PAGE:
Staff Picks: Dominic

Hey there, folks. We all wish you a Happy whatever you celebrate and if nothing else, a happy day off work. As the newsletter is dropping on Christmas Eve, I couldn’t resist throwing in a Yule themed record for my pick this week. No groaning in the back there. Contrary to general opinion, there are some good Christmas records out there. You must have found yourself tapping your feet or humming along to a Crimbo tune at least once in your life, surely? Perhaps it’s me being British, but growing up the Christmas holidays were always a big deal. Special food, time off school or work, good stuff on the telly, lots of parties and getting sloshed with a soundtrack of Christmas music, old and new.

Pretty much any artist, group or performer you can think of has put out a Christmas record or participated in one. There were the straight and traditional covers of old hymns and such, and then there were the original songs with a holiday theme. I enjoy when an artist or group I like can tackle a Christmas tune and still keep their style and sound and make it cool. There are tons of examples of Christmas records that don’t suck. Merry Xmas Everybody by Slade. I Wish It Could Be Christmas Everyday by Wizzard. Fairytale Of New York from The Pogues with Kirsty MacColl. The Phil Spector produced A Christmas Gift For You LP. The James Brown A Soulful Christmas LP. To name just a few. The one I would like to make you aware of though is Peace by Rotary Connection on Cadet Concept from 1968.

I rave about Rotary Connection to anyone who hasn’t heard them and recommend picking up any of their records. I know I’ve spoken about them before in these pages but very quickly, they were a mixed raced psychedelic soul group on the Chess Records imprint Cadet Concept. In their ranks were future star Minnie Riperton of Loving You fame. Their producer Charles Stepney was a genius and responsible for arranging and producing a ton of great records. If you see his name on the credits of an album, it’s worth checking out.

Peace was the group’s third album and second from 1968. It peaked at number 24 with the message of peace and love clearly finding a receptive audience amongst the younger generation and all those opposed to the Vietnam War. The cover sort of tells you that this might not be your typical Christmas album with a hippie Santa smoking something from his pipe and the band members as dolls surrounding him. On the back the band appears as dolls sitting on a mantelpiece with moccasins hanging instead of stockings, filled with love beads, incense and other hippie treats. Then to the record itself and the music. I am almost lost for words to describe how this record travels from straight and normal territory to bonkers acid fried Funkadelic land so effortlessly. If you ever wanted to hear what the band that backed Muddy Waters on his Electric Mud album sounded like backing Santa on acid, then this is it. I don’t think there are many other Christmas records that you can call challenging, but there is a moment at the end of song If Peace Was All We Had where the orchestra builds into a crescendo that if played at volume could qualify as that. That track ends abruptly and the final tune Silent Night Chant kicks in and gets down to a funky fuzz guitar groove that doesn’t let up. Psychedelic soul at its finest. Elsewhere on the album there are bursts of the aforementioned fuzz-acid guitar work and beats that would appeal to fans of the David Axelrod albums mixed in with the more traditional readings of one or two tunes. That being said, even on those tunes the production quality is first rate throughout, which was to be expected from Mr. Stepney. There are interesting vocal chants and arrangements and clever use of instrumentation and other sounds. The quality of production has ensured the record’s longevity and makes repeated listening rewarding. The appeal is across the board. You could play it whilst decorating the tree with the family or have it going whilst sampling the eggnog with your hip friends.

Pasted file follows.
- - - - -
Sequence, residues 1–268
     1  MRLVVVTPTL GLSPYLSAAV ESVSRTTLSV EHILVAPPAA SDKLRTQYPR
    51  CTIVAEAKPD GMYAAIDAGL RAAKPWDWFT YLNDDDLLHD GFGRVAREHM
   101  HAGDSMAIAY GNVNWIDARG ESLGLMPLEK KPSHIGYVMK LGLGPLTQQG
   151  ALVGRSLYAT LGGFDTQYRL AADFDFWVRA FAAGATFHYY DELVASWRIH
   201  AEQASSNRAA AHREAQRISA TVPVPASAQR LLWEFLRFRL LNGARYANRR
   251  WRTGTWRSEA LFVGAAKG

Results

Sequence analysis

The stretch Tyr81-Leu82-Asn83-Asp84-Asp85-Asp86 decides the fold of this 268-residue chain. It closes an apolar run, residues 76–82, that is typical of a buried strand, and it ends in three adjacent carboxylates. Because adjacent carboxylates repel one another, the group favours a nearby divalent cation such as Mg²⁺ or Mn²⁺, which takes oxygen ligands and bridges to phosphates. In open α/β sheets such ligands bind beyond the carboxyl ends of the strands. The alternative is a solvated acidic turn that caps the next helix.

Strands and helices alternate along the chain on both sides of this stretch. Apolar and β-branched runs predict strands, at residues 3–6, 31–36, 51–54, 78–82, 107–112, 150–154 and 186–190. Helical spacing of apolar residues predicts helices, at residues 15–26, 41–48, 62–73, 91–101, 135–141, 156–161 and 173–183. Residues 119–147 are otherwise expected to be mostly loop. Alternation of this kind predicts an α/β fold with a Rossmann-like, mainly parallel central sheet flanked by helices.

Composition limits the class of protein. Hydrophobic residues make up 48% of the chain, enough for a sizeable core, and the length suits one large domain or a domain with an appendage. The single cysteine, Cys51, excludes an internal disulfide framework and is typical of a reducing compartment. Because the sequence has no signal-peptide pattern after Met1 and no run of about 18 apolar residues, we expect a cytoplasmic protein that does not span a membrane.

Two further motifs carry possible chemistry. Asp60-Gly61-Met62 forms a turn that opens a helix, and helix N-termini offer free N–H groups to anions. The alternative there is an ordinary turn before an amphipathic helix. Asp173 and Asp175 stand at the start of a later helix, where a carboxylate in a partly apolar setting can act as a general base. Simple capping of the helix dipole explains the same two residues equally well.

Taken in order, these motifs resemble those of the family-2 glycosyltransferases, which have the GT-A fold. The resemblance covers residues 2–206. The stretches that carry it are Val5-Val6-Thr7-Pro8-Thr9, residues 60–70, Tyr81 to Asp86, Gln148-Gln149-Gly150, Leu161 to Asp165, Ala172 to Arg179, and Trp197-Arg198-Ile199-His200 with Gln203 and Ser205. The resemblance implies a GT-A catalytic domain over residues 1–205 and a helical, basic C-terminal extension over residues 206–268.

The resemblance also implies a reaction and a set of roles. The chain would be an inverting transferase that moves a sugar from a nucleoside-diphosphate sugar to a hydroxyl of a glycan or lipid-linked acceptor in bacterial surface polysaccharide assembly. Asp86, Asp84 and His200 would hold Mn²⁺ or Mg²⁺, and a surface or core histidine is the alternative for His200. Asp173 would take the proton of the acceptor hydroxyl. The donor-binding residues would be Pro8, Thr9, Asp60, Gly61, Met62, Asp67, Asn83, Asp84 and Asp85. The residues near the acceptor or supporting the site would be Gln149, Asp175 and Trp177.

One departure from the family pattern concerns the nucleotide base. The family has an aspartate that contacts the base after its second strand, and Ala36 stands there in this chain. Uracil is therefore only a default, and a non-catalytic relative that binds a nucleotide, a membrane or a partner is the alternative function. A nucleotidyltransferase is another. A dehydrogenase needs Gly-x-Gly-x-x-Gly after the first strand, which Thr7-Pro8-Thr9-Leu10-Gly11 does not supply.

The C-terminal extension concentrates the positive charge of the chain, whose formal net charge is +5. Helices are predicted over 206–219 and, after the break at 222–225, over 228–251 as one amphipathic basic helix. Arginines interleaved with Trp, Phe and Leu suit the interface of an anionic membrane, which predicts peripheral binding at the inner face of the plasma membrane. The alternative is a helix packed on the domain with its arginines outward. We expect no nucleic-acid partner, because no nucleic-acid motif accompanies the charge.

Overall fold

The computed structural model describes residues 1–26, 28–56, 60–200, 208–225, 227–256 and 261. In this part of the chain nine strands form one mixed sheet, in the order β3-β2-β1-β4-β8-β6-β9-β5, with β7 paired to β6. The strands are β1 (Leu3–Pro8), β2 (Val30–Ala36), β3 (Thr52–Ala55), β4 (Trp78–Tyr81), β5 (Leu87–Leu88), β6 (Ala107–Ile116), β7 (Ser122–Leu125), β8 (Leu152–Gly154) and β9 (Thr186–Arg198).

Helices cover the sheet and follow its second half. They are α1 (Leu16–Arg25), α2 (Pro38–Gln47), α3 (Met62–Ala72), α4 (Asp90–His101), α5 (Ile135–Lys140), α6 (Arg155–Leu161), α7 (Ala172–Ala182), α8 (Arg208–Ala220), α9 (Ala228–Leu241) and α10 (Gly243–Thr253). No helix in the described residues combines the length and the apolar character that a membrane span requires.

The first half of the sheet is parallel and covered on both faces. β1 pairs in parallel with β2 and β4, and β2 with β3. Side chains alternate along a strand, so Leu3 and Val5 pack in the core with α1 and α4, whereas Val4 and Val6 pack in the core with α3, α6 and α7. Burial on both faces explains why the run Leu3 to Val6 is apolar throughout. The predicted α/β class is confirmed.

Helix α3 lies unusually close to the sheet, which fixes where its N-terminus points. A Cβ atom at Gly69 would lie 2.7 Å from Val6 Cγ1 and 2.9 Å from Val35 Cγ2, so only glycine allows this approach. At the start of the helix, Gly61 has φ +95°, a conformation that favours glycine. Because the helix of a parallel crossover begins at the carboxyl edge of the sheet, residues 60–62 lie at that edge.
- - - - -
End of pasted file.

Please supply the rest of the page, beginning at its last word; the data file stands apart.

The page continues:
I like the trip you take from listening. Initially everything sounds normal but then slowly on the second track Silent Night (the first of three versions) the sound builds with Axelrod style beats and the guitar player being told to give it some. Minnie Riperton’s vocals are terrific here. As they are on the next track, Christmas Love, a soulful pop track which also has more fuzz guitar. The tempo and volume continue to climb with fourth track Last Call For Peace, this time with one guy taking on vocal duties. Shopping Bag Menagerie takes the foot off the gas and goes into thoughtful ballad territory and might be the only dud on the record, although if you can appreciate an early Bee Gees type vibe you might like it. The second take on Silent Night is instrumental and features some nice one-note droning guitar work. By the time the second side has finished with the aforementioned Parliament/Funkadelic take on the final of the three versions of Silent Night you know that you have gone on a ride and experienced something quite different but yet very comforting and normal all at the same time.